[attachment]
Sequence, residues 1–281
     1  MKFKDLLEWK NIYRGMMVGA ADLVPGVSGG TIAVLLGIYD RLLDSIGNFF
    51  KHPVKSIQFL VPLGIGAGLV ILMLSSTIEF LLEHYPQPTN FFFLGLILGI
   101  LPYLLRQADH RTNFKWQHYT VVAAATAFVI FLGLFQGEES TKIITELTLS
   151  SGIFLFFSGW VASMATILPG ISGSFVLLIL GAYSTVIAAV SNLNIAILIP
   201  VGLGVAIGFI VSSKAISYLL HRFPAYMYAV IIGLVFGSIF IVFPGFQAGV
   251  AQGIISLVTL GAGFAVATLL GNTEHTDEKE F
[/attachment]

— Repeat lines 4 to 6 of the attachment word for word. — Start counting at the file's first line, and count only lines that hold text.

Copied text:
   101  LPYLLRQADH RTNFKWQHYT VVAAATAFVI FLGLFQGEES TKIITELTLS
   151  SGIFLFFSGW VASMATILPG ISGSFVLLIL GAYSTVIAAV SNLNIAILIP
   201  VGLGVAIGFI VSSKAISYLL HRFPAYMYAV IIGLVFGSIF IVFPGFQAGV